Older Age at DMT Discontinuation Linked to Sustained NEDA in CIS Patients

Marta Figueiredo, PhD avatar

by Marta Figueiredo, PhD |

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Older age at disease-modifying therapy (DMT) discontinuation is the main predictive factor of sustained “no evidence of disease activity” (NEDA) in people starting DMT immediately after being diagnosed with clinically isolated syndrome (CIS), according to a study in Austria.

In particular, patients discontinuing DMT at age 45 or older after at least five years of NEDA showed a significantly lower risk of disease reappearance than those stopping therapy before that age.

These findings may help inform treatment decisions after sustained NEDA in this patient population and suggest that DMT discontinuation with continuous monitoring may be a low-risk option for patients older than 45.

The study, “Should I stop or should I go on? Disease modifying therapy after the first clinical episode of multiple sclerosis,” was published in the Journal of Neurology.

CIS, a neurologic episode that lasts at least 24 hours, often is the first clinical presentation of multiple sclerosis (MS). Several DMTs have been approved for relapsing forms of MS, including CIS.

Notably, interferon-beta products, such as Rebif (by EMD Serono, known as Merck KGaA outside North America.), and glatiramer acetate (marketed as Copaxone by Teva Pharmaceuticals, or Glatopa, its generic form by Sandoz) were shown to significantly delay the conversion from CIS to clinically definite MS in clinical trials. Both types of therapies are available in injectable forms.

A proportion of CIS patients may achieve NEDA — a status defined by the absence of new or enlarging brain lesions, relapses, and confirmed disability progression — after DMTs and remain free of disease activity for prolonged periods.

This may prompt “consideration of DMT discontinuation in CIS patients and treating neurologists, especially if patients experience adverse events or [needle] fatigue,” the researchers wrote, noting that convenience and economic burden also may drive the discussion on whether to continue treatment. (Needle fatigue represents a waning commitment to continue with the prescribed injectable treatment.)

However, the risks of DMT discontinuation following sustained NEDA in these patients remains largely unknown.

Now, researchers at the Medical University of Vienna, in Austria, set out to evaluate potential predictive factors for sustained NEDA after stopping DMT in people diagnosed with CIS.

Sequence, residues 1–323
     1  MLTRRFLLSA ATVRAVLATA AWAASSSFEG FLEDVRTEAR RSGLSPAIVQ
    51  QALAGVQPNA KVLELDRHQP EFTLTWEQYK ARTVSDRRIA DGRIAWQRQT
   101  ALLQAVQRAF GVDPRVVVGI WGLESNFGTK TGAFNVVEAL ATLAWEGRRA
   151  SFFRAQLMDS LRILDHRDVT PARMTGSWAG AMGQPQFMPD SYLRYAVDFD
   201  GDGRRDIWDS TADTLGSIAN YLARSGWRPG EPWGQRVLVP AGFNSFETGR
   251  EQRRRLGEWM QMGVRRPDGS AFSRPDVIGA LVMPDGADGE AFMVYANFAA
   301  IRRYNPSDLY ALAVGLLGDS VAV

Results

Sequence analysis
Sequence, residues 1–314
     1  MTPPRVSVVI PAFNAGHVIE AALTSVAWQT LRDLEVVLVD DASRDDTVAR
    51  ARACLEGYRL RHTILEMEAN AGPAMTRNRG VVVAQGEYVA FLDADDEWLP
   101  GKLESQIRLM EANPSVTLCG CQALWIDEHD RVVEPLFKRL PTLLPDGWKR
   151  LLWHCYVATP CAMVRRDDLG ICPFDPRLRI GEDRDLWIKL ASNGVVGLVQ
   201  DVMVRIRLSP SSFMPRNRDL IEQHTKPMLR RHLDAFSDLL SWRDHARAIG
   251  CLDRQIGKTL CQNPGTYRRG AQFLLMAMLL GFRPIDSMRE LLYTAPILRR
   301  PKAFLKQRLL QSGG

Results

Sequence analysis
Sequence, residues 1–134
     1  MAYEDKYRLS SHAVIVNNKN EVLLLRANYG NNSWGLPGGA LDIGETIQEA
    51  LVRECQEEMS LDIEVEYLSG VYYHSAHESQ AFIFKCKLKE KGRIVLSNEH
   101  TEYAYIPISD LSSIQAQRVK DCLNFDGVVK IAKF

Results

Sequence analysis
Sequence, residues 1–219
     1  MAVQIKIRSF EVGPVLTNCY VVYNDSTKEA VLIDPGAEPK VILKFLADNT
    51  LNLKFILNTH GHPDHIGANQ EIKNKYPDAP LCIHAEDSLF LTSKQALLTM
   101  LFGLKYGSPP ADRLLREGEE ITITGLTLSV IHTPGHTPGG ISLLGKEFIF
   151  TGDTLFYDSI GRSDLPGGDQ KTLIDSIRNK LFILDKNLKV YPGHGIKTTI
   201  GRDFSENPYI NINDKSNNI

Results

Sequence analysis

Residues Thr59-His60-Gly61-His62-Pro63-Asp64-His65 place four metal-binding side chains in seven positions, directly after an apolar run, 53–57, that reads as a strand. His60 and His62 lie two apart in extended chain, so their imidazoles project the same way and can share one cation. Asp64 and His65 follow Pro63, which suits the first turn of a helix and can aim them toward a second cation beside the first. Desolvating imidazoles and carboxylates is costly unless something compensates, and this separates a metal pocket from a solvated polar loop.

They retrospectively analyzed the demographic and clinical data from 49 patients (32 women and 17 men) who started DMT immediately after CIS diagnosis and discontinued it after showing NEDA for at least five years.

Patients, with a mean age of 26.3 years at symptom onset, were diagnosed between 2001 and 2011 at the University’s MS center, and started on interferon-beta medication or glatiramer acetate after a mean of 2.7 months from disease onset.

The option to stop DMT was discussed extensively with patients, who had the final say. After DMT discontinuation, patients underwent regular clinical and brain imaging (through MRI) follow-up for at least five consecutive years.

Results showed that 26 (53%) patients remained disease-activity free for at least five years after DMT discontinuation. In contrast, 23 patients (47%) showed either disease relapse or disability progression (nine patients or 18.4%), new or enlarging brain lesions (seven patients or 14.3%), or both (seven patients or 14.3%).

Age at DMT termination was the main predictive factor for sustained NEDA after discontinuation, with older age associated with a higher likelihood of remaining free of disease activity.

Being a woman also was a significant predictive factor of sustained NEDA, but this association was only modest, the team noted. No other clinical or treatment-related parameters showed a predictive value of disease reactivation after DMT stop.

Further analysis highlighted that patients 45 and older at DMT stoppage had a significantly lower risk of disease reactivation, compared with younger patients — 13% vs. 54% in the younger-than-45 group.

The mean time to show signs of disease activity was greater in older patients (37 months) compared to those at least 40 (31 months), and those younger than 31 (26 months).

Taken together, “in CIS patients with immediate DMT after their first clinical episode, older age at the time of DMT discontinuation is the main predictive factor for sustained NEDA status,” the researchers wrote.

They emphasized, however, that the findings should not encourage CIS patients to stop DMT after a long period without signs of disease activity. Instead, they may provide support to physicians in advising patients who no longer want to continue DMT due to sustained NEDA.

“In this context, neurologists should encourage younger people to continue DMT despite no overt clinical or MRI indicators of ongoing disease activity, while in patients [over] 45 years, stopping DMT together with continuous regular clinical and MRI follow-up may provide a clinically reasonable option with low risk,” the team concluded.

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